After four years in operation, Orange County has quietly shut down its only low barrier walk-in shelter without any public announcement.
The closure last Friday of the Courtyard shelter in downtown Santa Ana – which once was home to over 400 homeless people – comes as the county opens a new, more restrictive shelter in a different part of the city.
The replacement Yale shelter offers more services for homeless people but has more limits on who is eligible – requiring a referral from police or health workers – and does not allow residents to walk in or out.
That’s prompting concerns that the closure is pushing people back to nearby streets – as well as frustration from local officials about why county officials like Supervisors Chairman Supervisor Andrew Do – who also represents Santa Ana – didn’t reach out to them with a plan.
When it was abruptly opened in 2016, just ahead of a tight election for Do, the Courtyard Transition Center – a converted abandoned bus terminal – was hailed as a groundbreaking transition center that would help the most challenged homeless get a respite from the streets.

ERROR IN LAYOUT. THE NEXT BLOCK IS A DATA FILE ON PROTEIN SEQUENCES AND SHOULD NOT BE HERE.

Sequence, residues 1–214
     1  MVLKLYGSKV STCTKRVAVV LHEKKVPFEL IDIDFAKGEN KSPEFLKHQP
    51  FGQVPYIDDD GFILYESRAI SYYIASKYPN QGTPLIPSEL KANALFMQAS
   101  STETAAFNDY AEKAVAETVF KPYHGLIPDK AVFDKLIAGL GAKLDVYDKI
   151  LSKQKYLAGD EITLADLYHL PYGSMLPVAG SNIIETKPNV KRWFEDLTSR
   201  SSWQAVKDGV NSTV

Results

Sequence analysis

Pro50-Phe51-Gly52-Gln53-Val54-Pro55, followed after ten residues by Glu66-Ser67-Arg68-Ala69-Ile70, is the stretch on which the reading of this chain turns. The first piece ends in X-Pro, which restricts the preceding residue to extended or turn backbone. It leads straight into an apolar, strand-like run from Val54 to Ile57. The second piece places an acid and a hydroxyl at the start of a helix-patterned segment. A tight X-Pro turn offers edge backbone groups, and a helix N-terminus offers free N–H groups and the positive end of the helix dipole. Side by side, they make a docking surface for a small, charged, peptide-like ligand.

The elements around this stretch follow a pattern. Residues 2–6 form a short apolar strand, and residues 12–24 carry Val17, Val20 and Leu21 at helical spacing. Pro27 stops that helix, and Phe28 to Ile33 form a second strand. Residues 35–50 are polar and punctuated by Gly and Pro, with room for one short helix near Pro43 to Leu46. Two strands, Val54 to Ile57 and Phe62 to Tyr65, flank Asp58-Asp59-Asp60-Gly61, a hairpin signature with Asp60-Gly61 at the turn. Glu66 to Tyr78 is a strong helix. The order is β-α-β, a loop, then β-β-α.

It also immediately provided relief to nearby business owners, community centers and the Santa Ana Public Library which were overrun with homeless encampments. Even the county Civic Center itself became a tent city before the transition center opened.
When it opened, Do said the center would address “the root causes of homelessness,” adding it would also provide “a warm bed and a hot meal for hundreds of people that have nowhere else to go.”
Over time, the transition center effectively became a homeless shelter that was eventually targeted by a lawsuit alleging sexual harassment by staff.